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After watching “Little Miss Sunshine” and “There Will Be Blood,” I have come to associate actor Paul Dano with sulky, conniving characters.
When I saw Dano’s took on the cute, awkward romantic lead of “Ruby Sparks” — also directed by “Little Miss Sunshine’s” Jonathan Dayton and Valerie Faris — I was immediately hooked. Therefore, I had to see if the supernaturally smooth-faced guy could shake off his creepy baggage. He did!
Better yet, Dano’s lesser-known pint-sized co-star, Zoe Kazan, sprinkles oodles of charm on the whimsical rom-com.
And surprisingly, “Sparks” is incredibly self-aware screenplay hits some terrifically disturbing notes too. “Ruby Sparks” is a real gem.
The “Ruby Sparks” protagonist is the grown-up has-been teen novelist sensation Calvin Weir-Fields (Dano). Calvin has been seeing deadpan shrink, Dr. Rosenthal (Elliott Gould), because he is shy, suffering writer’s block and desperate to find a new friend, preferably a girlfriend. One day, Dr. Rosenthal instructs Calvin to write a story, even a bad story, to clear his funk.
So, Calvin writes down a recurring dream he’s been having about a quirky, quick-witted girl — Ruby Sparks (Kazan). While Ruby’s made-up, Calvin adores her. While Dr. Rosenthal is happy to see Calvin ticking, Calvin’s macho brother, Harry (Chris Messina) is concerned.
Calvin keeps up his fanciful ardors, and magically enough, an actual real-life Ruby appears at his home one morning. At first, Calvin is stoked to find the fictionalized love of his life exists. But, when the couple endures rocky episodes, Calvin is tempted to alter Ruby with the typewriter in which he wrote her into being.
Dano converts his typically whiny persona into a vulnerable, loveable Calvin. Calvin begins as prodigy, but Dano initially reigns in his cockiness and festering passive-aggressive snobbery. Dano is the unashamed loser — he openly hugs teddy bears and swoons over imaginary girlfriends. How cute is that? You cannot help but feel for Calvin.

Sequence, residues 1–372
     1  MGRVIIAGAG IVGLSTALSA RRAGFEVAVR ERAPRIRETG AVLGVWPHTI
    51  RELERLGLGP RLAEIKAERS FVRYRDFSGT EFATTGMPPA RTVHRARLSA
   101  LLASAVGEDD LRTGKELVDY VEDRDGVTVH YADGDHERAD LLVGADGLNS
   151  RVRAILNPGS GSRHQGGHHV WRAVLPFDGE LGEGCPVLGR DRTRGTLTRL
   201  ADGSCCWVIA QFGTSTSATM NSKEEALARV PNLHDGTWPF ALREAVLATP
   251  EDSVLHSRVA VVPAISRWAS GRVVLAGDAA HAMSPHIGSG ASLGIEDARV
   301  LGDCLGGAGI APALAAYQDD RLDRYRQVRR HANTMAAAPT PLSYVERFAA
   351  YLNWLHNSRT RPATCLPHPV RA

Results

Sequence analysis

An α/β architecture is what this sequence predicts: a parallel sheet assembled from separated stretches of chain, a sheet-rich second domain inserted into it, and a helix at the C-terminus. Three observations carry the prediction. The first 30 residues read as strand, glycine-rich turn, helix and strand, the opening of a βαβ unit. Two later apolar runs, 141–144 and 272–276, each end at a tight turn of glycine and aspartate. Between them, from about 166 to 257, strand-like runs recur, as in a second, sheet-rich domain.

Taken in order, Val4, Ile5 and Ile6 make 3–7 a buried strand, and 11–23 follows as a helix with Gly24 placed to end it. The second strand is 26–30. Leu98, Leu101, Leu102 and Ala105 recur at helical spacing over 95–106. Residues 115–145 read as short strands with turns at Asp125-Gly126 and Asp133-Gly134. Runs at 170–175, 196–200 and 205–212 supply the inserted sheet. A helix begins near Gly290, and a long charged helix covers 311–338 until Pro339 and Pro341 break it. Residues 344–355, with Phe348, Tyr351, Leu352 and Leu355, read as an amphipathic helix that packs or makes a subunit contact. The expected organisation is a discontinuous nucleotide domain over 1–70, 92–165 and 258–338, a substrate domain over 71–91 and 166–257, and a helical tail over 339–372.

Once Dano grabs you with Calvin’s sweet side though, he slowly unveils the character’s sinister potential. Kazan, who plays Ruby, is incredibly human for a written girl. Clever as her lines are, Kazan punctuates them with believable warmth. Whether she’s giving a kind, reassuring look or jaded sigh, Kazan’s facial expressions endow Ruby with that vital, wordless means of communication, making her fickle literary existence doubly tragic.
Apart from showcasing great performances, “Ruby Sparks” updates the Pygmalion myth. Where the Greek legend closes with an enraptured Pygmalion embracing his magically come-to-life sculpture, “Ruby Sparks” continues the relationship between the male creator and his art-turned-woman soulmate. Despite its upbeat vibes, “Sparks” delves into the gristly, questionable ethics of such a romance. Unlike Pygmalion, who falls for his statue’s gorgeous appearance, Calvin falls for his character’s weird personality. If Pygmalion sculpting an ideal female body is questionable, Calvin writing Ruby’s soul is much grimier.
A plucky score injects comedy into the episodes where Calvin rewrites Ruby, yet fails to sugarcoat his icky, soul-destroying moves. “Ruby Sparks’” dark side really enthralls.
All in all, “Ruby Sparks” is a sweet romance underpinned with unexpected, but poignant, melancholy. I give it an A+.
With a running time of 104 minutes, “Ruby Sparks” is rated R for language, including some sexual references and drug use. “Ruby Sparks” is available for rent via Redbox kiosks.
Heather Foster is a senior at the University of Florida.